Sex Trafficking: Is There An App For That?

When Craigslist shuttered the doors of their adult services section, the feminist blogosphere was divided: Was it a victory for anti-sex trafficking campaigns or a setback for sex worker activists? Regardless of their particular disagreements over the services provided by Craigslist’s adult section, most agreed that the deletion of the section would not stop the sale of girls. As Carrie Baker wrote here, on the Ms. Blog, “Other websites will certainly pick up the slack.” According to blogger Amanda Kloer, a new iPhone app–PinPointsX–has done just that.

PinPointsX, a location-aware app which allows users “direct access to all imaginable erotic resources around the user,” has directly marketed itself to former Craigslist Adult Services users.  In a press release the company issued on September 7, they described themselves an “improved substitute for Craigslist’s adult service section.”

PinPointsX set up is relatively simple: Create an online profile, download the app and then you can view what the company calls your “Passion Map.” The Passion Map will show you icons which represent people and places in your immediate vicinity who are interested in an erotic encounter. You can message them and agree on a place to meet; PinPointsX will even recommend bars and hotels. For the first nine months of its existence, PinPointsX worked with the  professional escort community.  Two days after my initial inquiry to the company, their PR representative, Brian Gross, sent an e-mail informing me that they have since stopped working with that community.

In her petition to remove PinPointsX from Apple’s app store, Kloer argues that the app is a mobile, and thus more dangerous, version of Craigslist. She writes:

With PinPointsX, pimps can advertise and sell girls with absolutely no barriers or traceability. They don’t have to risk using an IP address to post on a static website, they can continuously move their ‘product’ around while simultaneously advertising them, and, unsurprisingly, the PinPointsX company has put exactly zero safeguards in place to prevent the use of their product for exploitation. Smart phones are already making it easier and cheaper for pimps to profit from selling trafficked girls and women. And the PinPointsX app will likely accelerate that process.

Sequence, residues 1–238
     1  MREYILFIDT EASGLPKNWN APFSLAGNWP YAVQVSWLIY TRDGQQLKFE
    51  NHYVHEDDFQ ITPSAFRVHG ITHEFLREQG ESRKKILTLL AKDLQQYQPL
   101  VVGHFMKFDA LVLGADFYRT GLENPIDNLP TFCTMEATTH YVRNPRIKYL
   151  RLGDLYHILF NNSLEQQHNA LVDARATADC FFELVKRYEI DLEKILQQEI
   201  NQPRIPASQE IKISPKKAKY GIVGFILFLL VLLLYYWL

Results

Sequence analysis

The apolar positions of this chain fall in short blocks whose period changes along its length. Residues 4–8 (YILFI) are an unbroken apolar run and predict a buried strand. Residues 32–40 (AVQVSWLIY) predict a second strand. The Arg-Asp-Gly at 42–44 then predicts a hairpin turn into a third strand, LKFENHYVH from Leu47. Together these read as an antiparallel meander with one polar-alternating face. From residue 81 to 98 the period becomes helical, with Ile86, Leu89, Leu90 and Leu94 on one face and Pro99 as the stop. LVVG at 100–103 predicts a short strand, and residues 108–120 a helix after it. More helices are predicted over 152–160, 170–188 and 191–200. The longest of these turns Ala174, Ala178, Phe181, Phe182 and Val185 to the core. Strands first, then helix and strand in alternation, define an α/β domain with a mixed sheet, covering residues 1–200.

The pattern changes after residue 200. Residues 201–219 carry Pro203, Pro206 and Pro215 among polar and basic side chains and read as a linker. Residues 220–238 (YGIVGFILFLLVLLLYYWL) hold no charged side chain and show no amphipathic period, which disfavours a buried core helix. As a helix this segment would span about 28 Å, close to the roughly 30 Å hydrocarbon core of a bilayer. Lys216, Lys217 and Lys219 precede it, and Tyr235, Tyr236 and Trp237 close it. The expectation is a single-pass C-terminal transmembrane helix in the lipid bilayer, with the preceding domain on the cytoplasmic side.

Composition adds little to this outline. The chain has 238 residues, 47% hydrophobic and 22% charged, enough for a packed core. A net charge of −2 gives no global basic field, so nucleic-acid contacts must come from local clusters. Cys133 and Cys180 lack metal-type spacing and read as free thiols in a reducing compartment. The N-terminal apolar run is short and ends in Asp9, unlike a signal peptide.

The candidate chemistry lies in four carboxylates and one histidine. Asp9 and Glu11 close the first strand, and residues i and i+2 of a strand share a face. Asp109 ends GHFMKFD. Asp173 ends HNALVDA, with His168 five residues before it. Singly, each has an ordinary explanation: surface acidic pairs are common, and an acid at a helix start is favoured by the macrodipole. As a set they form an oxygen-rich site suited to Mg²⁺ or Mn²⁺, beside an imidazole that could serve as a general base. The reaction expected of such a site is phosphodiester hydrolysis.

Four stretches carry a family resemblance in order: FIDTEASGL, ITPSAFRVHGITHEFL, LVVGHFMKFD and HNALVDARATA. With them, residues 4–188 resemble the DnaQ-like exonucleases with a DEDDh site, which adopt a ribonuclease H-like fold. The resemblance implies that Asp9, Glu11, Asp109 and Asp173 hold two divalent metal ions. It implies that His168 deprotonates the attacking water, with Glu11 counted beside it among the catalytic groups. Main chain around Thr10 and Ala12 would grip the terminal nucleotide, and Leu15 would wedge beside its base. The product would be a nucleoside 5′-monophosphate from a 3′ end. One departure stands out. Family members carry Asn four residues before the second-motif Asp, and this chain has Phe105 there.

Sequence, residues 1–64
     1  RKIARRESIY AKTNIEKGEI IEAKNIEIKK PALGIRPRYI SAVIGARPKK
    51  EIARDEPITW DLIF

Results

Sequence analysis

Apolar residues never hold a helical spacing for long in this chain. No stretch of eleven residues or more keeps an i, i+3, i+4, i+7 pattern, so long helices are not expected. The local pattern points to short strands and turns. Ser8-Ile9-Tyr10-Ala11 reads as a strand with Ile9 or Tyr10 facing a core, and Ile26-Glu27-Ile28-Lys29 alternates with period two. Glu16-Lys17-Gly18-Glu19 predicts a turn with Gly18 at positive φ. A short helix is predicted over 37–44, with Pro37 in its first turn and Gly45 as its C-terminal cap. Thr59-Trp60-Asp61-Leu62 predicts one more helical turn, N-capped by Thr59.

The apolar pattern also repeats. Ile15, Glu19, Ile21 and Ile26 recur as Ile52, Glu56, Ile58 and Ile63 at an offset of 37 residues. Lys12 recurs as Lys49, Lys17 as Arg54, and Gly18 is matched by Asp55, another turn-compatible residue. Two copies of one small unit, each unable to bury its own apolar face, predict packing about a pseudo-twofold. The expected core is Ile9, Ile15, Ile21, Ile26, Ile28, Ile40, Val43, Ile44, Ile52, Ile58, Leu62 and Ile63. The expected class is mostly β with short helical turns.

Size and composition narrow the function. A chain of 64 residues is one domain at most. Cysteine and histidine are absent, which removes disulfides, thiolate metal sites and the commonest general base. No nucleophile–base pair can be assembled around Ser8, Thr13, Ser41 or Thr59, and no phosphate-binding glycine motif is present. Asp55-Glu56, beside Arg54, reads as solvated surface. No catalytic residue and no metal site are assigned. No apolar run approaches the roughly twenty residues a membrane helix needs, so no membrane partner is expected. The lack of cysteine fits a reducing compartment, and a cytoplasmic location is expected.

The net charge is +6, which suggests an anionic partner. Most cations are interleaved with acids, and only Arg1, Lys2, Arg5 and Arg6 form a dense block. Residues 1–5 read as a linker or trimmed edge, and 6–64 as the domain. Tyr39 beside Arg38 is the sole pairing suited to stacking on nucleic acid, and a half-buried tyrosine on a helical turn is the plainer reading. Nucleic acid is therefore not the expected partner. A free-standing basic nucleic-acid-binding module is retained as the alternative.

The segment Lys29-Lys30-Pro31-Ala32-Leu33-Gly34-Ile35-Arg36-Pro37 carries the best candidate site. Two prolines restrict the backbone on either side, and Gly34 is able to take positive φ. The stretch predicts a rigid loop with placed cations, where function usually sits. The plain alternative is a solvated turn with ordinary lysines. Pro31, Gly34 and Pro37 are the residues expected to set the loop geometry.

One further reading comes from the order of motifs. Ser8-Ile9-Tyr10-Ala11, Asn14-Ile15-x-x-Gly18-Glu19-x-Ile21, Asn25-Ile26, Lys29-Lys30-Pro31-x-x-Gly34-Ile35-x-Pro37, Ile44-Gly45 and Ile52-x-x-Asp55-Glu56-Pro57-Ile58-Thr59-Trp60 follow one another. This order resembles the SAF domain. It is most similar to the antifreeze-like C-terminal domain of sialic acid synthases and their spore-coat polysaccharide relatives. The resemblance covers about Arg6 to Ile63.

Kloer’s arguments make a few logical leaps. From “erotic partners and facilitators,” she interpolates “i.e. pimps,” rather than considering that, like Craigslist, many users are consenting adults. And while there is no concrete evidence that users of the app are, in fact, pimps, Kloer does raise compelling points about the safety of the app itself.

When I contacted PinPointsX, its vp of marketing, Rudy Dallal, told me in an e-mailed statement that, unlike Craigslist, their product has many “barriers and buffers” which are “not attractive to the criminal who wishes to remain under the radar.” Though the company did put barriers in place (it requires credit-card verification, long registration and an IP address), let’s be honest: These barriers are easy enough to bypass, as evidenced by the users of  Craigslist’s adult services section. And while the initial registration requires an IP address, an iPhone app can (and usually does) work from a dynamic IP address, making it difficult to trace.

Nevertheless, Dallal addressed some of Kloer’s criticisms directly:

PinPointsX does not seek the business of criminals, human traffickers or pimps. We, as a company and as human beings, deplore the abuse of women and children and regret that it is an ugly aspect of our society. Although we have not yet had a complaint about a registered business in the nine months since our company launched, we are open to full cooperation with law enforcement should the situation arise.

Regardless of the intention of the company or the legitimate adult users who seek its services, technologies will always be adapted to facilitate the worst of human intentions. But it also seems mistaken to fight the technology rather than the underlying problems. Both in its use and abuse by predators, technology will always outpace the fight to end human trafficking. As Melissa Gira Grant wrote, it seems “criminally shortsighted” to police technologies rather than taking action to end violence in the sex trade. Perhaps Monica Shores said it best:

It’s hard to believe that purchasers of sex will be deterred … or that pimps who had no qualms about lying to, raping, kidnapping and abusing teenagers will suddenly be reformed because [Craigslist’s] Adult Services is gone.

What’s clear is that the Craigslist debate has migrated from one technological format to another–from computer to cell phone and from stationary to mobile. PinPointsX has already generated quite a bit of interest from users, including one who celebrates it as “Grindr for straight folks.” And because of both user interests and PinPointsX’s early success, other apps like it are bound to appear.  The technology war is a losing battle. Perhaps it’s time, as Gira Grant and Shores suggests, to debate the real issues that adult services and PinPointsX raise: the legalization of prostitution, the institutionalized violence that girls rescued from the sex trade face and our own perceptions about sex workers.

And for those who were unmoved by arguments that Craigslist’s adult services users would journey further underground to purchase sex, they were right: Now you just have to download an app.

Photo from user William Hook through Creative Commons License 2.0


Stassa Edwards is a very tired new mom. Follow her on Twitter @stasssaedwards.